Cabernet Sauvignon has replaced Spain's Airen as the world's most popular grape variety, shows a new study, but researchers warned of shrinking diversity in vineyards.
There were close to 300,000 hectares of Cabernet Sauvignon planted around the world in 2010, up from just over 100,000 two decades ago, shows the University of Adelaide study.
It claims to be a first-of-its-kind report charting plantings across 44 countries accounting for 99% of global wine production.
Their work revealed the rising popularity of native French varieties, which have benefited from wider adoption in New World countries to account for 36% of global vineyard area in 2010, versus 26% in 2000.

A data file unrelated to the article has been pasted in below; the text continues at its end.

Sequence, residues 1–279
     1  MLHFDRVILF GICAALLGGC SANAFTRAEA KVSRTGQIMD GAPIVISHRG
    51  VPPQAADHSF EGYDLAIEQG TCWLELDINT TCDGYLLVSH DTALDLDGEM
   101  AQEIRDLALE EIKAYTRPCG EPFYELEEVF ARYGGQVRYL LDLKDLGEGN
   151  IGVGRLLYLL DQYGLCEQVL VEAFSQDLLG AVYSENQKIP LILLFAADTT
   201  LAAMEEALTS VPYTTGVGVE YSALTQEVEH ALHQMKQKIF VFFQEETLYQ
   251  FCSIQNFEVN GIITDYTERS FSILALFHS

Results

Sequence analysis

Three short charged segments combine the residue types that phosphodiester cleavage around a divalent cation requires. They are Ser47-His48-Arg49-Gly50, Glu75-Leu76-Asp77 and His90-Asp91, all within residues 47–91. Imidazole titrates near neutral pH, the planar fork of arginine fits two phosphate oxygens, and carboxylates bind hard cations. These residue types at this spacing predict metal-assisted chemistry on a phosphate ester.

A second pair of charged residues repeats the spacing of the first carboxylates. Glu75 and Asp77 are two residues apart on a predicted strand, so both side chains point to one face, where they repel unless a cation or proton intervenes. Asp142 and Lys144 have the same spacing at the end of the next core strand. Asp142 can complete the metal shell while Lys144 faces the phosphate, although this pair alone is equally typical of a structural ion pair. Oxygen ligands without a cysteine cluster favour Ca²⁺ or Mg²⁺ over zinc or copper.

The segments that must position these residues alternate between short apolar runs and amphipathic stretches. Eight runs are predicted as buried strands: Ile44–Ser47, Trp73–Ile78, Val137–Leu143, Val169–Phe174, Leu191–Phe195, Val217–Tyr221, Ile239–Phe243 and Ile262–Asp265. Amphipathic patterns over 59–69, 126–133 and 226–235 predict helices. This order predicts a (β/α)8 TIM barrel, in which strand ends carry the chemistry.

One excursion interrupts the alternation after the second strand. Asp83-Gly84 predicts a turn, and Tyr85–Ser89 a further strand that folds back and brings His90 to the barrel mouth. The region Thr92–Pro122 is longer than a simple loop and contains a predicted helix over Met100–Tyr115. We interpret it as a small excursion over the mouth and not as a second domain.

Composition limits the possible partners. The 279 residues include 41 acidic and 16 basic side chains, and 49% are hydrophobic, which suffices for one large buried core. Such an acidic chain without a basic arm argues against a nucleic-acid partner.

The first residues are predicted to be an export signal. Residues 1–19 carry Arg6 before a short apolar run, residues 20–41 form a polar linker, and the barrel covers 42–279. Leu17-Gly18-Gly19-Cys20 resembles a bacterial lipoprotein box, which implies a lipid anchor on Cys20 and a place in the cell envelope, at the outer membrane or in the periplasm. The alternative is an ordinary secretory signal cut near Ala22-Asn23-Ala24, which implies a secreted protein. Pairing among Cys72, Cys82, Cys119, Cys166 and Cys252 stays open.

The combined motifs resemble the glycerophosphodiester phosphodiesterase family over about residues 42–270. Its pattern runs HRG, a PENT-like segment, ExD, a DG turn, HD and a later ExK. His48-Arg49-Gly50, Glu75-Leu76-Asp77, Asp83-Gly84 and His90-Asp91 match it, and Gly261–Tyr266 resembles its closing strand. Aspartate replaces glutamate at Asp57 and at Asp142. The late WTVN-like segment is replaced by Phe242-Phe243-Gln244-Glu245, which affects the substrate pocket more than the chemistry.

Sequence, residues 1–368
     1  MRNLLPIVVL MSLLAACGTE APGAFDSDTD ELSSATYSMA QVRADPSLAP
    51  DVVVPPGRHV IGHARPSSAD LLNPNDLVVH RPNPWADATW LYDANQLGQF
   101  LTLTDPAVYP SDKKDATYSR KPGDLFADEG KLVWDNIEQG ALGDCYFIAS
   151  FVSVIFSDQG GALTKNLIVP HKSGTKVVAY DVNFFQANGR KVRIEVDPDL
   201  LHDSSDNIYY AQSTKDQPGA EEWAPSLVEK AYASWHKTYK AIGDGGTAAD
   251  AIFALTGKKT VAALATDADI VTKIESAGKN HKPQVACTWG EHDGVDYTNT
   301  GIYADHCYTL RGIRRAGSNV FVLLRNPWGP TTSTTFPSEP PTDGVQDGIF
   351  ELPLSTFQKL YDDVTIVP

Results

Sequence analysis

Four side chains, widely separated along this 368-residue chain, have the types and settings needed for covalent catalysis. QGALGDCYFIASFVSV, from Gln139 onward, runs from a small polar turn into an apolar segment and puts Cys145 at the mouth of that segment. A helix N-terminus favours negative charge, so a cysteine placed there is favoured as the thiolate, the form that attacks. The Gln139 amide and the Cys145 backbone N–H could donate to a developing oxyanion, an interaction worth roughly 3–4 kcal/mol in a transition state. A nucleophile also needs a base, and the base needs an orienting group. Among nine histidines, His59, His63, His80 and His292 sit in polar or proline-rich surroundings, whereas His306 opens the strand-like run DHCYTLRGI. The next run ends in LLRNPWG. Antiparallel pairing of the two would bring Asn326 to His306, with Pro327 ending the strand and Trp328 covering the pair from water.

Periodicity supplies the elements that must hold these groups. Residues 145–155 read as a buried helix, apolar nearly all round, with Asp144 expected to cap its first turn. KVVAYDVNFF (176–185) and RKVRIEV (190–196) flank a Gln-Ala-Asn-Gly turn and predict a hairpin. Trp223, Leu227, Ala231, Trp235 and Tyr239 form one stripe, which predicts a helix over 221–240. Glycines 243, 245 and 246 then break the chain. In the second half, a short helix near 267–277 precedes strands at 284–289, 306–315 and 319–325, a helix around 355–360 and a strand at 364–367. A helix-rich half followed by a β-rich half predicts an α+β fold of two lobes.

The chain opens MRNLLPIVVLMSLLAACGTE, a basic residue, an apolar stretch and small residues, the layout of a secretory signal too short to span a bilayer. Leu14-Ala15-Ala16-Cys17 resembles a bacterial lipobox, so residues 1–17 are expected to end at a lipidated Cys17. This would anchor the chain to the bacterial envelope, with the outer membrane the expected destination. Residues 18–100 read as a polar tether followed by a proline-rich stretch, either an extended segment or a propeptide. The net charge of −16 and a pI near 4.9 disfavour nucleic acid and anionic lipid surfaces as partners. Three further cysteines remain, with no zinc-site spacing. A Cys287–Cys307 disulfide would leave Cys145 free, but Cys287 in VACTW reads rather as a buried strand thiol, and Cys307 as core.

In that time, Merlot has joined Cabernet Sauvignon at the top of the plantings league, moving into second place, overtaking Garnacha Tinta now 7th, leaving Airen in 3rd place overall.
Other big losers over the past two decades include Trebbiano Toscano, Mazuelo and Rkatsiteli, with many vines either ripped out or replaced in the 1990s.
But, the study has also served as a warning over shrinking diversity on the world wine scene.
‘Also of concern is that the diversity of winegrapes is narrowing to a few “international” varieties,’ said the researchers.
Their study shows that, in 2010, the top 35 grape varieties made up two thirds of the world’s winegrape growing area, versus 59% in 2000.
The top 10 grape variety plantings worldwide in 2010:
1. Cabernet Sauvignon
7. Garnacha Tinta
8. Sauvignon Blanc
9. Trebbiano Toscano
10. Pinot Noir
Written by Chris Mercer